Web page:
• 3. Reported attempts toward the herqulines
  • 4. Inspiration from Hutton's synthesis of mycocyclosin
  • 5. Development of a scalable macrocyclization for mycocyclosin analogue synthesis
  • 6. Early Birch reduction investigations on mycocyclosin core
  • 7. A revised retrosynthetic analysis of the herqulines
  • 8. An oxidative dearomatization/reduction approach for herquline synthesis
  • 9. Installation of the final cyclohexenone ring
  • 10. Completion of herqulines B and C
  • 11. Wood and Baran's total synthesis of herqulines B and C
  • 12. Conclusion
  • Chapter 8. First total synthesis of the dimeric naphthoquinonopyrano-γ-lactone natural product (−)-crisamicin A. How procrastination may be of help in binaphthyl synthesis
  • 1. Naphthoquinonopyrano-γ-lactone natural products
  • 2. The naphthoquinonopyrano-γ-lactone natural product crisamicin A
  • 3. The first stereoselective total synthesis of a dimeric naphthoquinonopyrano-γ-lactone ever: (+)-γ-actinorhodin (Neumeyer and Brückner)
  • 4. Literature routes to(wards) the dimeric naphthoquinonopyrano-γ-lactone natural product (−)-crisamicin A
  • 5. A biaryl strategy for the total synthesis of (−)-crisamicin A with some promise for non-naphthoquinonopyrano-γ-lactone targets: a late-stage borylation/dimerization tandem approach to polynuclear biaryls
  • 6. Our initial retrosynthetic analysis of (−)-crisamicin A: envisaging an aryne/siloxyfuran Diels–Alder approach
  • 7. Reconsidering our synthetic strategy from scratch: hoping to be better off without a Diels–Alder reaction
  • 8. Conclusion
  • Chapter 9. Strategies and discoveries leading to the synthesis of trichoaurantianolide natural products
  • 1. Introduction
  • 2. Retrosynthetic analysis
  • 3. Preliminary investigations
  • 4. Tactics for functionalization of the bridgehead substituent
  • 5. Revisiting the original plan
  • 6. New plan and renewed opportunities
  • 7. Completion of the total synthesis
  • 8. Conclusion
  • Chapter 10. 4-exo-dig cyclocarbopalladation, discovery and application in the synthesis of complex polycyclic molecules
  • 1. Introduction
  • 2. Discovery of the 4-exo-dig cyclocarbopalladation and its application to the synthesis of strained polycyclic compounds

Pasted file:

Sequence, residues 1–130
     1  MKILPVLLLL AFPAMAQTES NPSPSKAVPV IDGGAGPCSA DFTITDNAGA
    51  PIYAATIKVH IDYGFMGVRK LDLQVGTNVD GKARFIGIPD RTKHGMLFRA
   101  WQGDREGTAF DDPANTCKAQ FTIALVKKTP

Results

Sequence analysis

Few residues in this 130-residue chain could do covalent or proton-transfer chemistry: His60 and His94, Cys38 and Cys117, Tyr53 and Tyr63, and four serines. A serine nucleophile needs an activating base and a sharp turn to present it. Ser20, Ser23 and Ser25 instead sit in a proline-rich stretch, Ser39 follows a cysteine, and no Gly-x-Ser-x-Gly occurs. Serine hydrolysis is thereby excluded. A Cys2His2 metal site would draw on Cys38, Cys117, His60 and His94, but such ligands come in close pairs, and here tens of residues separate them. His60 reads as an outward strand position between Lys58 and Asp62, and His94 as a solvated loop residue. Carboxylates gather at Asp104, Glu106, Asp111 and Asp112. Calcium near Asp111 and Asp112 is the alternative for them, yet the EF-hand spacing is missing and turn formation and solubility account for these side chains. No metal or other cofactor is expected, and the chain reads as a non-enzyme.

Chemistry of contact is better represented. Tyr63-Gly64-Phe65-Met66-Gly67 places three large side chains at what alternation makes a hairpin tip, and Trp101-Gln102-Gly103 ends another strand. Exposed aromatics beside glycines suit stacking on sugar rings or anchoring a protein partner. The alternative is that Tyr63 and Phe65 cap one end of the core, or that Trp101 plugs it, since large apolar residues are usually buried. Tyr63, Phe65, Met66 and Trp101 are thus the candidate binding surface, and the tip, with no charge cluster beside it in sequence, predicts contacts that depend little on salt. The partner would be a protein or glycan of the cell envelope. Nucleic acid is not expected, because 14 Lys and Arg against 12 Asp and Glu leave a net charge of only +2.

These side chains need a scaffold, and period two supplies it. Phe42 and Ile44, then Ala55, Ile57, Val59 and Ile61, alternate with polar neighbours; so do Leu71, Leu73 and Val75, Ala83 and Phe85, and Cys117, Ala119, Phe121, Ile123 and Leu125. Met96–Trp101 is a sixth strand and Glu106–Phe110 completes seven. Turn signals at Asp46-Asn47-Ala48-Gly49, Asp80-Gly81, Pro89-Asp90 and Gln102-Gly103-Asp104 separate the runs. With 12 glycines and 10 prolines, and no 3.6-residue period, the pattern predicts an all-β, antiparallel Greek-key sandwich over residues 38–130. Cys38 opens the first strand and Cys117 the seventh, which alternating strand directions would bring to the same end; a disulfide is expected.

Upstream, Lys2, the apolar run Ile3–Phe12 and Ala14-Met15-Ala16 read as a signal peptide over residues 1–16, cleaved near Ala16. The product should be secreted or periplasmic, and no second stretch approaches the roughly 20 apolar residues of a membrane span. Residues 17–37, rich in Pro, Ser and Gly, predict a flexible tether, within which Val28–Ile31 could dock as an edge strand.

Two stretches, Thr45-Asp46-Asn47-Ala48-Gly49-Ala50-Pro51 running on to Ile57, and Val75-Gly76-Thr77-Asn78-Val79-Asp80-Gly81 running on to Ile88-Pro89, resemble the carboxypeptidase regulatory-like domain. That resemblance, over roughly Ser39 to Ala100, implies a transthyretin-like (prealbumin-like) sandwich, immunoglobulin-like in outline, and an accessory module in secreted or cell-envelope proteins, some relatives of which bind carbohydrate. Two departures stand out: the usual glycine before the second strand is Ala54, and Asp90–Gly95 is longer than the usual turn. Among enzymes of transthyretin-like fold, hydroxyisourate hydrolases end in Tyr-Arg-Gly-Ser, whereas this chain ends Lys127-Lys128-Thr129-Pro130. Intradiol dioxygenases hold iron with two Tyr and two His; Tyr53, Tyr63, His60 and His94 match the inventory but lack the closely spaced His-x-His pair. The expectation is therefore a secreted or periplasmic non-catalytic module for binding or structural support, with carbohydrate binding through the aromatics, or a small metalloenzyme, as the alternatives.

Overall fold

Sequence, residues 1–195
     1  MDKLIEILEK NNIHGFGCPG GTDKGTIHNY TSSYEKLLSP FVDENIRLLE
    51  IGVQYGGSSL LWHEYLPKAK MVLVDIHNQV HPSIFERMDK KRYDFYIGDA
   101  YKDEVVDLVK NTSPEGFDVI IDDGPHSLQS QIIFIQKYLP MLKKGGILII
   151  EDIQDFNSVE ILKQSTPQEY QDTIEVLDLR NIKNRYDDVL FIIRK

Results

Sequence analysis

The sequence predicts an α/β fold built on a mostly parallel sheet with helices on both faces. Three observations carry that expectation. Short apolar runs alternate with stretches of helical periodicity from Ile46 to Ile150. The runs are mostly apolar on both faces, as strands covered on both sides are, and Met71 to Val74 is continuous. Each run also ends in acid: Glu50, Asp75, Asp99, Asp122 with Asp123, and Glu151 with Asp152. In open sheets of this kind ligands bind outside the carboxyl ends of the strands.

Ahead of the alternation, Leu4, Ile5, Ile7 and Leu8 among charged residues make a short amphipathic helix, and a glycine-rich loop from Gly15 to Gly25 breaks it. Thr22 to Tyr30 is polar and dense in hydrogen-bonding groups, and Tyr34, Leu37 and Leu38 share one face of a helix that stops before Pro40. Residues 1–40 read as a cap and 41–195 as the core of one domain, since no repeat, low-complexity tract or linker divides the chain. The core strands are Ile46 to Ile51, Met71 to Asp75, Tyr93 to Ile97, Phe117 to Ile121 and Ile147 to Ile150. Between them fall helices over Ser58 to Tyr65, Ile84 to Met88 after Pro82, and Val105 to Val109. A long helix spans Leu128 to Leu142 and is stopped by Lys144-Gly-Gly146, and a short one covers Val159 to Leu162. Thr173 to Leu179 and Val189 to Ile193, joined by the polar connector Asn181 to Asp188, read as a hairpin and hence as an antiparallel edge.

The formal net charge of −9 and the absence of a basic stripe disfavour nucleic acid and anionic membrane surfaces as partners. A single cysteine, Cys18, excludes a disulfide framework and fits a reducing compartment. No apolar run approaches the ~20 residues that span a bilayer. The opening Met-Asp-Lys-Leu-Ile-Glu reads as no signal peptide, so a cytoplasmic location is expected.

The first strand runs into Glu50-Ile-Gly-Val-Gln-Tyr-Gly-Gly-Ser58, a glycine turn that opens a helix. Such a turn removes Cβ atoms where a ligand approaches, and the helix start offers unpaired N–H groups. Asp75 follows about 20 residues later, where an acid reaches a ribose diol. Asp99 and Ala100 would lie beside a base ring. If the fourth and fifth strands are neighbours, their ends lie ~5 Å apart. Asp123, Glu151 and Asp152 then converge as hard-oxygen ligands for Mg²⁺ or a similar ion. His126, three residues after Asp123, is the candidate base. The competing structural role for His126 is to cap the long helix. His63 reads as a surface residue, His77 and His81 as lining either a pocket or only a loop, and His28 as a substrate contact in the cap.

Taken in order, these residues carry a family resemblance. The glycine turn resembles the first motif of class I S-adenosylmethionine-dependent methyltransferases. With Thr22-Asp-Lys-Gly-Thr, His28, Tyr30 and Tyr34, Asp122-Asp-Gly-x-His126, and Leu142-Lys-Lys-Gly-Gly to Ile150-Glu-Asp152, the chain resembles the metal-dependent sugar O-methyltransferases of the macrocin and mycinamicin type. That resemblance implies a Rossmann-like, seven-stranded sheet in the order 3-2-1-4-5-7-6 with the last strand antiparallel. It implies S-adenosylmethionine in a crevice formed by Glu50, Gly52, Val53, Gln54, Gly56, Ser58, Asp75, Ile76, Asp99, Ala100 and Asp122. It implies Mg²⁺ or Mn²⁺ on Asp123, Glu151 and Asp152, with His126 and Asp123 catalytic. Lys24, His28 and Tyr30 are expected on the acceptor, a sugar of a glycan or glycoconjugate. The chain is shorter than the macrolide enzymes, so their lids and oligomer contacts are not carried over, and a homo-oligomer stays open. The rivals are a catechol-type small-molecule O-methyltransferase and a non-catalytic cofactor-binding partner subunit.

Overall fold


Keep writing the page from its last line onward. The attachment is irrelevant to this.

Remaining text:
• 3. The 4-exo-dig cyclocarbopalladation for the synthesis of fenestradienes and cyclooctatrienes
  • 4. The 4-exo-dig cyclocarbopalladation in the synthesis of cyclooctatetraenes
  • 5. General conclusion
  • Index

Product details

  • No. of pages: 444
  • Language: English
  • Copyright: © Elsevier 2021
  • Published: November 11, 2021
  • Imprint: Elsevier
  • Paperback ISBN: 9780128222126
  • eBook ISBN: 9780128217573

About the Editor

Michael Harmata

Michael Harmata
Professor Michael Harmata graduated from the University of Illinois-Chicago with honors and highest distinction in chemistry.

In 1980, he began graduate studies in chemistry at the University of Illinois-Champaign/Urbana where he was awarded a University Teaching Fellowship. He worked with Professor Scott E. Denmark on the invention of the carbanion-accelerated Claisen rearrangement. In his second year of study, he was awarded an Eastman Kodak Research Fellowship.

Upon graduation in 1985, he was awarded an NIH postdoctoral fellowship which he used to study with Professor Paul A. Wender at Stanford University, where he worked on the synthesis of the neocarzinostatin chromophore.

In 1986, Prof. Harmata began his independent career at the University of Missouri-Columbia. He became an Associate Professor in 1992 and a full professor in 1998. In 2000, he was named the Norman Rabjohn Distinguished Professor of Chemistry in recognition of his achievements in research and teaching. In 1998, he received a research fellowship from the Alexander von Humboldt Foundation and stayed for a year at the University of Göttingen where he was affiliated with the groups of Professors Reinhard Brückner and Lutz. F. Tietze. In 2000, he served as chair of the Gordon conference on Organic Reactions and Processes. In 2010, he was named the first Justus Liebig Professor of Chemistry at the Justus Liebig Üniversität in Giessen, Germany. In 2011, he was a JSPS fellow. He has been a visiting professor in Giessen and Strasbourg and has delivered over 180 invited lectures in the United States and Europe. He is a member of the American Chemical Society, Gesellschaft Deutscher Chemiker, International Society of Heterocyclic Chemistry, and the Alexander von Humboldt Association of America.

Affiliations and Expertise

University of Missouri, MO, USA